1.14We have no doubt that strangulation often constitutes very serious criminal behaviour and that its impact has, until recently, been underestimated.
1.15We have also found that there is a particular problem charging the many instances of strangulation that do not result in visible injury. Those instances may result in significant internal or psychological signs and symptoms that often go undocumented. The current framework of serious violent crimes in Part 8 of the Crimes Act 1961 does not cater well to prosecutions for this type of behaviour because the framework requires proof of harm or of a particular intention on the part of the perpetrator, which cannot be easily determined. As a consequence, this offending tends to be charged as “male assaults female”, which does not require proof of injury or a special intention but carries a maximum penalty of only two years. We do not think that charge reflects an appropriate level of accountability for many cases of strangulation.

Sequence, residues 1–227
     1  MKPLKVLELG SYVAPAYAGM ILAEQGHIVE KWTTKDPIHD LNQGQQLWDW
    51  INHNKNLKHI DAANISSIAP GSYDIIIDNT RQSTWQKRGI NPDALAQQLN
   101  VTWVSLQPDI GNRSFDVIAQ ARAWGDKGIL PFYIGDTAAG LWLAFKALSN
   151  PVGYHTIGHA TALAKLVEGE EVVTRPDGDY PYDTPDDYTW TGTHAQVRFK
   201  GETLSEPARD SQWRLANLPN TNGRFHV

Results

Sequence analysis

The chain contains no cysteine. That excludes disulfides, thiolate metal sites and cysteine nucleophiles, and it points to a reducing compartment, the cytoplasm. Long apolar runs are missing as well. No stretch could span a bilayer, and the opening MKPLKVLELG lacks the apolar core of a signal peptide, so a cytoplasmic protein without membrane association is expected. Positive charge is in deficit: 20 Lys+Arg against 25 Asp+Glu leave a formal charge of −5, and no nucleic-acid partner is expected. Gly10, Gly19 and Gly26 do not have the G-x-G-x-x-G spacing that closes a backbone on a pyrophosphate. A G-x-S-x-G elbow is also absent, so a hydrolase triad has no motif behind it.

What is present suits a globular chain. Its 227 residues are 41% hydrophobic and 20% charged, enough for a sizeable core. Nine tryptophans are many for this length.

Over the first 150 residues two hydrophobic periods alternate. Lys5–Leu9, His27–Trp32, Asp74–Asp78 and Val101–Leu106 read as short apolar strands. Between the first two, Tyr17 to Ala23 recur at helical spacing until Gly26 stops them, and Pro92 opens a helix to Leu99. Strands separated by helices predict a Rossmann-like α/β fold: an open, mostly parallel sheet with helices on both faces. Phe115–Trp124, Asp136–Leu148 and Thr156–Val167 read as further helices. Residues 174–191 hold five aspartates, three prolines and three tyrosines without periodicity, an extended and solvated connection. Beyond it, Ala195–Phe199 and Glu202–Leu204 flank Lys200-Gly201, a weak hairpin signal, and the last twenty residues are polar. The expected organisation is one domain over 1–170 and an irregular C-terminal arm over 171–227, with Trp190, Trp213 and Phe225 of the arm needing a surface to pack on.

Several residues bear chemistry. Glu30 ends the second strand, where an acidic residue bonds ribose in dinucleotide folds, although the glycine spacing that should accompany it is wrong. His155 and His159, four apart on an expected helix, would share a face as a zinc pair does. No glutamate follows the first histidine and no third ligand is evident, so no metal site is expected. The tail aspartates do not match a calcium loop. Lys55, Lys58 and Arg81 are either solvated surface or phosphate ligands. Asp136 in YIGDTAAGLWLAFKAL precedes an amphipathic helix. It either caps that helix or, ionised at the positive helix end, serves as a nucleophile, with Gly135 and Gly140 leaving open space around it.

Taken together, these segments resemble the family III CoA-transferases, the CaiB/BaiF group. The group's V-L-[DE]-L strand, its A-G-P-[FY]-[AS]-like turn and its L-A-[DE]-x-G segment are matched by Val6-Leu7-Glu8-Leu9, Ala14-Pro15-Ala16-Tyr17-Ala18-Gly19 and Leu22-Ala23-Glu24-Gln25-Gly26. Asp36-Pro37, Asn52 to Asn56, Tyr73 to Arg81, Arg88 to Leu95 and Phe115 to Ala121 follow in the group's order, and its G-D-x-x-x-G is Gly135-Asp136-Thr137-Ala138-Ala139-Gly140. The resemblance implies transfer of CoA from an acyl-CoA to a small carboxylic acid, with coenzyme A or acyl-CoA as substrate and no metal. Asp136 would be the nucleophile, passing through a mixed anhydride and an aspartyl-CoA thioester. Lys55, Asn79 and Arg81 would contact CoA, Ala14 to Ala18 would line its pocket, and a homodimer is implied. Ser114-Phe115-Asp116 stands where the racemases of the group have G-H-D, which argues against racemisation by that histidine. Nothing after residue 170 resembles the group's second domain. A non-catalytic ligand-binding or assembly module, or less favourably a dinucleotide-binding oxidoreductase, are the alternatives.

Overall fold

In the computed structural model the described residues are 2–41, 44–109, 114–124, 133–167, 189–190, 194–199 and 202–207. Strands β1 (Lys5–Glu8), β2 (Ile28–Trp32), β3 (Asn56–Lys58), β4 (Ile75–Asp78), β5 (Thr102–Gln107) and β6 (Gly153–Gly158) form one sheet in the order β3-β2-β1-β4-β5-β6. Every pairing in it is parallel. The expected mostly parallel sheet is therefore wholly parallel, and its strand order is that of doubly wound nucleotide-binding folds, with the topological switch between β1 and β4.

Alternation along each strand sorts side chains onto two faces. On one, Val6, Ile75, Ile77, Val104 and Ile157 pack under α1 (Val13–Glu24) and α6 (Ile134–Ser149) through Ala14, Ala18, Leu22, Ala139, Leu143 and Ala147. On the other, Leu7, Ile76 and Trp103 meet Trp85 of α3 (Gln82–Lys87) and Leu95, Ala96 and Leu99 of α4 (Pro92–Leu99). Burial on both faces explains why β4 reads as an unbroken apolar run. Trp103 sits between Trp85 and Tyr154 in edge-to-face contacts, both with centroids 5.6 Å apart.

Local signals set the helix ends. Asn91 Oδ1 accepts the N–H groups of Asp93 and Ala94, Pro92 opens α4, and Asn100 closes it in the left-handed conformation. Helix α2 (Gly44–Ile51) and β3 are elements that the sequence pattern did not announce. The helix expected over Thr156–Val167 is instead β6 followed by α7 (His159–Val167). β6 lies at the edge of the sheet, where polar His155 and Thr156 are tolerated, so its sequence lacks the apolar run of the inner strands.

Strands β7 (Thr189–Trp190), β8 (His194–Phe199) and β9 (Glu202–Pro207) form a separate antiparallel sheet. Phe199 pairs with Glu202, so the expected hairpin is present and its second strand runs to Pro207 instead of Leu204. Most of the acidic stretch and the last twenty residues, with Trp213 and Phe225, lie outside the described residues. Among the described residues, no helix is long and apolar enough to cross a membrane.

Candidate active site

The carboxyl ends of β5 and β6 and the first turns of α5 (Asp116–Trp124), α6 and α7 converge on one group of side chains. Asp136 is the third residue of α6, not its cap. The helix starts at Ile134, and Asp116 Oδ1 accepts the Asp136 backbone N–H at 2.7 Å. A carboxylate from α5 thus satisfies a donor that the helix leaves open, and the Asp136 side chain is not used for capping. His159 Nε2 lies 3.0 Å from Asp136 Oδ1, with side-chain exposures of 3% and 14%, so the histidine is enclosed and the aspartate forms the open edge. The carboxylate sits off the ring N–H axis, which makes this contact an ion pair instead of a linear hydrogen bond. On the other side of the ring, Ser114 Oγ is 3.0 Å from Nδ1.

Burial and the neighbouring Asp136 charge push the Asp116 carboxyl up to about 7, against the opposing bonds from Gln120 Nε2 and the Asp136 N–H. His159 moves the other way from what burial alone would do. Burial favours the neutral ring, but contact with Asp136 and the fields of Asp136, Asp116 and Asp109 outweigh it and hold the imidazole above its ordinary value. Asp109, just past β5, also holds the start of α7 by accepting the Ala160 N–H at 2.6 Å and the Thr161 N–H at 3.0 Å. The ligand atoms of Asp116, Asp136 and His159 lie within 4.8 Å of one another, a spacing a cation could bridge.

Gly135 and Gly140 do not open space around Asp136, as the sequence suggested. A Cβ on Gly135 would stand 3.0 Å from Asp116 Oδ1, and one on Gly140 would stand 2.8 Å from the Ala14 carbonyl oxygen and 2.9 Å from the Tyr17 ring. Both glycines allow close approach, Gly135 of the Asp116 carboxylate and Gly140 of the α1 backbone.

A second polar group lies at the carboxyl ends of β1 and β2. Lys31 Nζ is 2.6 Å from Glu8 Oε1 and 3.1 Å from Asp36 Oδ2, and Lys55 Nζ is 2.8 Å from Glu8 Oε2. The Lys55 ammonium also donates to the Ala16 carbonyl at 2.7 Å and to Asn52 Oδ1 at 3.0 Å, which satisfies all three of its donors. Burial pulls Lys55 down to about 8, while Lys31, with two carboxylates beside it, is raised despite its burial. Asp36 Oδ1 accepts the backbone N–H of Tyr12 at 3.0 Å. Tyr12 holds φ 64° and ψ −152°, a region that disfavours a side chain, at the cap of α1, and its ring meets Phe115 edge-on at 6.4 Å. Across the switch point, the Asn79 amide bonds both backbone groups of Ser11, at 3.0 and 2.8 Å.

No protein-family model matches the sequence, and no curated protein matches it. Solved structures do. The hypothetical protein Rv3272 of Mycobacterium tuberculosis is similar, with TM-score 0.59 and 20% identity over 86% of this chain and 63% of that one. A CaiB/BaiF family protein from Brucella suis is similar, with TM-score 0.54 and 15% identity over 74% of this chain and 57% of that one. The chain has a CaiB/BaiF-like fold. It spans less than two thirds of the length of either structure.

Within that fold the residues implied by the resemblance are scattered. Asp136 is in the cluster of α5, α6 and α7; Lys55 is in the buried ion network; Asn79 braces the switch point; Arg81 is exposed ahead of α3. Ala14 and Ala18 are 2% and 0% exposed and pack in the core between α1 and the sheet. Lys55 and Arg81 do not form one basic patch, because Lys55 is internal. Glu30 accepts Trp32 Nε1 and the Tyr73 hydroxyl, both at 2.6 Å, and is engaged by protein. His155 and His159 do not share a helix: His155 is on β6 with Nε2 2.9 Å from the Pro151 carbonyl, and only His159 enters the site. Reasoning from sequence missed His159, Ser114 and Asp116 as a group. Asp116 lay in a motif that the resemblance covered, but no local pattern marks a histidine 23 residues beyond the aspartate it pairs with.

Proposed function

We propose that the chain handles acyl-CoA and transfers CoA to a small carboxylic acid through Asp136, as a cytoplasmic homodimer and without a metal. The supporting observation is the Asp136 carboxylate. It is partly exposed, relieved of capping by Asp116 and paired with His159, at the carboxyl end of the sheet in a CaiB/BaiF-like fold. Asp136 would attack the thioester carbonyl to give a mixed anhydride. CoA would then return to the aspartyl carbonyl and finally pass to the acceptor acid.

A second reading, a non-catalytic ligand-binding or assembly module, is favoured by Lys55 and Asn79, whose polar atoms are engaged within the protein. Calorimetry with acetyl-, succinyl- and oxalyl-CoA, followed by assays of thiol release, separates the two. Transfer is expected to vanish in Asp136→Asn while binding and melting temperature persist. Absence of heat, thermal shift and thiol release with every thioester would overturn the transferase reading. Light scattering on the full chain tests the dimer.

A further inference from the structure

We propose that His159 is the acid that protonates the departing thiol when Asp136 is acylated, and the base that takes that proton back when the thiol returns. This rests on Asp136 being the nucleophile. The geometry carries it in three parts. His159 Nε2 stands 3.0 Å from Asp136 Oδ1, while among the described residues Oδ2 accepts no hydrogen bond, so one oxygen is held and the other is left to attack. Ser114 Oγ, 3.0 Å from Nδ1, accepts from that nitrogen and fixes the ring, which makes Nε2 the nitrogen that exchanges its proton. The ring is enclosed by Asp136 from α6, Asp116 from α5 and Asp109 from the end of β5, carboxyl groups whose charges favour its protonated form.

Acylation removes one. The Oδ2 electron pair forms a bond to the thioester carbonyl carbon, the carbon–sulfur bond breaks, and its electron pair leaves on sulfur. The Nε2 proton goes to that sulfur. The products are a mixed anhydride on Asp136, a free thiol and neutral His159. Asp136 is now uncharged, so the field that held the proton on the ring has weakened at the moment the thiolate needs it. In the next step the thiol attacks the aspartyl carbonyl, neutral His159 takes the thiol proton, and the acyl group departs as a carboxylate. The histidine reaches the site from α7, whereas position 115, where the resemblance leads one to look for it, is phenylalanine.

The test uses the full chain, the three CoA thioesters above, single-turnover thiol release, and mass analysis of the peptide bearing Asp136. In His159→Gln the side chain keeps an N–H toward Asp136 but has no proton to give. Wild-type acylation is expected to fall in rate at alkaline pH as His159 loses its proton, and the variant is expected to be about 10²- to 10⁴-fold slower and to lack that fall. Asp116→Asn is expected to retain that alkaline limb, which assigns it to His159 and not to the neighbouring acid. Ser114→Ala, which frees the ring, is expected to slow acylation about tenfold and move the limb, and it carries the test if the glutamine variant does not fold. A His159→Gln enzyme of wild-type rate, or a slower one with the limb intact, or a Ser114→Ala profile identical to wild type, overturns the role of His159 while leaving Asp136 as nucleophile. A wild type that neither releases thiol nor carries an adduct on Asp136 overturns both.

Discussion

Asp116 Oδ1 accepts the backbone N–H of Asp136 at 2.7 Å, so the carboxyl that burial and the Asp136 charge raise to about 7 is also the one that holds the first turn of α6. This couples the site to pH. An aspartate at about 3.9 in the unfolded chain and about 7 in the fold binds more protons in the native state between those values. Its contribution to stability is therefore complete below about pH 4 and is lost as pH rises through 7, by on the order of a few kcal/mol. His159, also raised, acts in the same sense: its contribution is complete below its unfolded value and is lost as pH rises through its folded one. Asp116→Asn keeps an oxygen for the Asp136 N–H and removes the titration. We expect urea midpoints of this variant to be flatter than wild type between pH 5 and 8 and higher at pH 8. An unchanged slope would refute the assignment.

1.18Strangulation satisfies those criteria for reform. We consider that a separate strangulation offence will be a more effective criminal sanction than the current suite of offences and will increase awareness of the lethality of strangulation. In these ways, a new offence will also help to increase the safety of victims of family violence.
1.19In addition to a new offence, we recommend that the Sentencing Act 2002 be amended to include strangulation as an aggravating factor. This will emphasise the future risks associated with strangulation, and when strangulation is charged under a generic offence, it may increase the sentence imposed. Finally, we also recommend that the Police make a number of operational changes designed to ensure that strangulation is identified and recorded in such a way that it is apparent in subsequent searches of the records relating to the perpetrators.